If the last 3 years have made anything clear, it’s that we are living in a golden age of digital fitness and virtual health — or a “macro boom,” as Deloitte has dubbed the trend.1 Even as Americans ease back into normal routines, their embrace of tools like physical therapy apps and online workout videos doesn’t seem to be losing momentum. In fact, the virtual fitness market is projected to balloon from $14.9 billion in 2022, to $250.7 billion by 2032.2 To help improve physical fitness, employers are also including virtual musculoskeletal (MSK) care in their benefits portfolio, with 80% offering or considering offering it in 2024/2025.3
Many health plans and employers that rushed to roll out digital offerings during the early days of the pandemic now find themselves in a moment of reflection. How can they balance members’ penchant for digital tools against rising pressure to contain health care costs? How should they best approach the vast and expanding landscape of point solutions? And what strategies are most likely to drive realized benefits, such as better health outcomes and an improved member experience?
This is no mere thought experiment. Nine in 10 employers are planning to change health and wellness vendors in the next 2 years.4 But even as health plans reassess this ever-evolving space, it’s clear that some realities are here to stay. Here are 3 takeaways of how the digital movement trend has reshaped member experience and raised the bar on member expectations.
1. Flexibility reigns supreme
After dropping the habit during the early pandemic, some people may never again set foot in a gym. But far more common are those who enjoy both at-home and on-site fitness experiences. In fact, a quarter of people who participate in virtual workouts do so with the same brand as the gym they currently attend.5 And while virtual sessions can make movement radically more accessible, flexible and varied, there’s no question there are upsides to in-person offerings. Consider that 70% of fitness consumers reported missing the gym as much as they missed family and friends during the pandemic.6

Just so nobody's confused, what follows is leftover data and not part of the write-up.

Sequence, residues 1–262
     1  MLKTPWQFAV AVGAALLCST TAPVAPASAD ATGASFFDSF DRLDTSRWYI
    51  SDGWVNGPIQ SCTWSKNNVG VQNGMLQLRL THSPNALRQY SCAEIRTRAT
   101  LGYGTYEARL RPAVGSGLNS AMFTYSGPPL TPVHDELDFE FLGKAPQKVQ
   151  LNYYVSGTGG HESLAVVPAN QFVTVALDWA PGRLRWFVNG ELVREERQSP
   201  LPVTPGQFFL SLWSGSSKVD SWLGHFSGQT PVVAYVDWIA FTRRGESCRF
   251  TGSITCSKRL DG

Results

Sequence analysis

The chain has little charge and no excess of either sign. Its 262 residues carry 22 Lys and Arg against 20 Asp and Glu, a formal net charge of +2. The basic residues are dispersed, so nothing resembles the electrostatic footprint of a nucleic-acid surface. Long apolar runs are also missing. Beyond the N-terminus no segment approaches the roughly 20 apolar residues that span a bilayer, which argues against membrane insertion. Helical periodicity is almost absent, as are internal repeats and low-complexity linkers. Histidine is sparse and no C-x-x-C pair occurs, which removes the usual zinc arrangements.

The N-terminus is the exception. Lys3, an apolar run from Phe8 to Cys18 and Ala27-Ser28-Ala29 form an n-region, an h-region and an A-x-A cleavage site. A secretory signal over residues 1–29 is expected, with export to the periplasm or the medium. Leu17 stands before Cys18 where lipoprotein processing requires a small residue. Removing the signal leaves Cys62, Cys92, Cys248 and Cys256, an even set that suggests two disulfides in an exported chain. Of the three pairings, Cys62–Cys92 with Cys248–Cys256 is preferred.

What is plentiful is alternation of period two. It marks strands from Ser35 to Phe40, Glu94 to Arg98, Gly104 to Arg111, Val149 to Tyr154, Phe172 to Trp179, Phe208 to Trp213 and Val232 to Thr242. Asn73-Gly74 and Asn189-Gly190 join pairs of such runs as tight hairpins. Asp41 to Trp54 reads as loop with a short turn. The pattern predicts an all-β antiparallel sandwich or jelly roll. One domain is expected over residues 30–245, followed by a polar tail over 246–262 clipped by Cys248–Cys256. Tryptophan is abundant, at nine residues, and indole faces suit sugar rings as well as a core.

As payers assess their portfolios, they’d be wise to prioritize solutions that combine digital and on-site options. These solutions help satisfy members’ varied preferences and encourage them to move more without having to toggle between separate systems. For example, the Optum® One Pass program offers members both a robust digital platform and access to more than 26,000 in-network gyms and fitness studios.
2. Members crave holistic care
When solutions are too narrowly niched, they risk being underutilized by members. (Who wants separate point solutions for yoga and aerobics, for instance?) But there’s an increased awareness of just how intertwined and interdependent health outcomes can be. There’s also a growing preference for integrated care, which has demonstrated better outcomes and lower total costs.7
For instance, the pain and physical limitations that can accompany MSK conditions can exacerbate mental health challenges a member may face. For some, this can make it harder to comply with treatment plans, oftentimes creating a compounding impact. One study found that people living with MSK pain missed 8.2 days of work in the past year, while those with both MSK pain and mental health needs missed 13 days.8 But the inverse is also true, that treating one condition can sometimes alleviate and improve others. Another study found that participants using a digital exercise program reduced MSK pain, on average, by 68.5% — and reduced anxiety and depression by 58%.9
Members are seeking out solutions that approach health through a holistic lens — and health plans are responding. For One Pass for Medicare, that means offering not just digital fitness but also home delivery service for groceries, brain training exercises and social activities. Optum® Musculoskeletal Solutions suite features multimodal therapy, including physical exercises and relaxation exercises. It also offers access to specialized nurses and high-performing providers that can tailor individual treatment plans and address member concerns.
3. Friction begets frustration
Members expect digital health tools to offer the same ease of use that they’ve come to expect from consumer products. How easy is it to share data with providers? How much toggling will a member have to do between disparate interfaces? And if they need to seek help beyond the digital solution — say, pursuing surgical intervention for knee pain — how seamless is that process?
The value of a streamlined, frictionless digital tool cannot be overstated. In the case of One Pass, 72% of users surveyed said they were more likely to renew their Medicare membership because of the One Pass benefit.10
Digital movement may have reached its tipping point during the pandemic, but member enthusiasm for virtual fitness and MSK care shows no signs of waning. But not all digital fitness offerings or virtual MSK programs are created equal. As health plans reassess their offerings, they’d be wise to keep member experience top of mind. Because for any solution to deliver better health outcomes and improved cost savings, it must first meet the new reality for what members expect from their experience.
Learn about Optum One Pass and Musculoskeletal Solutions.